10 Inmates' clothing was either destroyed or stored on admission and they were required to wear poorhouse clothing to discourage them from running away. Poorhouses were government-run facilities where the poor, infirm, or mentally ill could live. They were usually filthy and full to the brim of societies unwanted people. Many of the people who lived in the poorhouses were required to work to contribute to the cost of their board and it was not uncommon for whole families to live together with other families in the communal environment. In the Victorian era life didn’t get much worse than that of a poorhouse resident.

11 Going into the Poorhouse When someone asked for help an inspector would go round and look at their situation. They filled in a form and then the Parish Board decided what sort of help to give. Often they gave ‘outdoor relief’ = they helped people in their own homes with food, medicine and help with the rent. Sometimes they sent people into the poorhouse = ‘indoor relief’

12 …contd To most people, the thought of ending their lives as paupers in the poorhouse was very frightening. The building was dismal and the food was just enough to keep you healthy. You had to wear a poorhouse uniform and you were separated from the other members of your family. Despite this, poorhouses continued to grow.

13 Two cases from Douglas Parish, Lanarkshire in 1881 Name: Margaret park, single, aged 65 Occupation: domestic servant Dependants: None Information: Son Andrew, aged 40, single miner, is in infirmary. She wishes relief until Andrew comes home Inspector’s Decision: offered poorhouse Decision of Parochial Board: outdoor relief at 1s 6d per week Name: Agnes Dill, single, aged 24 Occupation: farm servant Dependants: James Dill, aged 2 Information: Agnes is expecting her second child and has come to stay with her sister who seeks relief for her. Inspector’s Decision: offered poorhouse Decision of Parochial Board: relief in poorhouse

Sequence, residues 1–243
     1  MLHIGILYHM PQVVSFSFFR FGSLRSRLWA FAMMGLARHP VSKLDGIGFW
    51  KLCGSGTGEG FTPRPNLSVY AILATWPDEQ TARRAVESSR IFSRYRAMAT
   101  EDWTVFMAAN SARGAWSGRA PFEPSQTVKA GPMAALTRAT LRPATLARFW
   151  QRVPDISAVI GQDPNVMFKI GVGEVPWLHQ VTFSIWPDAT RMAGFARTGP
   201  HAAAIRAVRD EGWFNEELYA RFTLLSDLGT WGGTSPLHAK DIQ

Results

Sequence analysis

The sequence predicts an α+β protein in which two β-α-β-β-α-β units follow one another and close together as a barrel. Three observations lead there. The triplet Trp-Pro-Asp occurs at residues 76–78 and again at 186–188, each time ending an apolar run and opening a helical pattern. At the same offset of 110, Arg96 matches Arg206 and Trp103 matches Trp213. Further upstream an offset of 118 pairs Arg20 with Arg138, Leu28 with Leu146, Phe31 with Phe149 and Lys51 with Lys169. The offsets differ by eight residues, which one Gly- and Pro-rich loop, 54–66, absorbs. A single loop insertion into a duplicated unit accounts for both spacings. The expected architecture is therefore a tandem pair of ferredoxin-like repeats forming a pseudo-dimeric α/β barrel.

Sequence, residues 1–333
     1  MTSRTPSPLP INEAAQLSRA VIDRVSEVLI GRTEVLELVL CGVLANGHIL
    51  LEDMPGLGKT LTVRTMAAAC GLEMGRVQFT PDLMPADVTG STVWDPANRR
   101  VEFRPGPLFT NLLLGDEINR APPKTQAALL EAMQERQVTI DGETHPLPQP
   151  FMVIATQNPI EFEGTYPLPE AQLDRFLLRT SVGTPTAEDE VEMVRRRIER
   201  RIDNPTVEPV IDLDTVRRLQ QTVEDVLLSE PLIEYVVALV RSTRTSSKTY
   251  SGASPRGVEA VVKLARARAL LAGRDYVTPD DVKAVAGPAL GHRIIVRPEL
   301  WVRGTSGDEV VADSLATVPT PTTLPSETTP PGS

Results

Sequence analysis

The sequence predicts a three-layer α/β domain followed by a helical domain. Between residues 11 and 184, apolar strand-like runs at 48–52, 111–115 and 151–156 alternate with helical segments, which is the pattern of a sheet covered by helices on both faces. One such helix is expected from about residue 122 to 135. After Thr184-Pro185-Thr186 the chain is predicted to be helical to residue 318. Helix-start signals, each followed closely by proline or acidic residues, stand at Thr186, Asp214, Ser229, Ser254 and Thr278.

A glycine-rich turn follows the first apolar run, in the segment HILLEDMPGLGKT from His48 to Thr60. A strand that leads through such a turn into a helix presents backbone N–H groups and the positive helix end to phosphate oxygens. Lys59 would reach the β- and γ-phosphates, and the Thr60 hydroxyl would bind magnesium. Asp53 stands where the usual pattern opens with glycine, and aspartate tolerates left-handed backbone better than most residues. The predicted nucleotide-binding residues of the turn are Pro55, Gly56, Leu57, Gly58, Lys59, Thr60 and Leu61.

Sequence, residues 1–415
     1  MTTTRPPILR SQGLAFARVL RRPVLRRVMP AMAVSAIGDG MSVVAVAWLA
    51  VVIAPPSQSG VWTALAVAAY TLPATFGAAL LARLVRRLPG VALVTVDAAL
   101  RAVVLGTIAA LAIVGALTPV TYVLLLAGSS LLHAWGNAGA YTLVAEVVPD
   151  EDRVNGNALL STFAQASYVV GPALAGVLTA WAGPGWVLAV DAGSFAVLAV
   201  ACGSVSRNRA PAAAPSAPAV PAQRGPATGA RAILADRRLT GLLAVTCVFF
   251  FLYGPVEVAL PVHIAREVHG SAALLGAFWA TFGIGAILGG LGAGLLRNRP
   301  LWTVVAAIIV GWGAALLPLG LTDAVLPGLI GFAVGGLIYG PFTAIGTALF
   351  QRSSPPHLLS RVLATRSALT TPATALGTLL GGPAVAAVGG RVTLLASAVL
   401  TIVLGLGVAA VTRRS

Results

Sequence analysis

14 Unemployed? There was no help from the poor law for the able- bodied unemployed (those who didn’t have a job but they were physically fine). By 1905 the trade slumps (factories closing down because they was no work for them, therefore people being put out of a job) meant that this group of people could not be ignored. It also meant that they were not out of work as a result of being lazy. The Unemployed Workers Act made burghs of over 50,000 set up ‘distress committees’ to help the unemployed by providing them with some sort of work for the money they were given.

15 Questions Write heading ‘The Workhouse/Poorhouse’ Use pages 14-17 to help you answer the following questions. Answer in sentences using the stem of the question 1. Why were conditions in workhouses deliberately made harsh? 2. Name four types of people who might end up in the poorhouse. 3. In what way were children treated differently in England and Scotland? 4. Name five reasons people did not want to go into the poorhouse. 5. Which group of people were not usually given help under the Poor Law Act? 6. Look at Source K. Which group was regarded as the ‘deserving poor’ and which as ‘undeserving’ and why?

16 Discussion Point ‘Helping the poor by giving them money is a bad thing. It only encourages them to be even more lazy’. Q. Would Samuel Smiles have agreed withis statement? Q. Can you suggest an argument for and against this statement? (in pairs). Q. How far do you agree with this statement?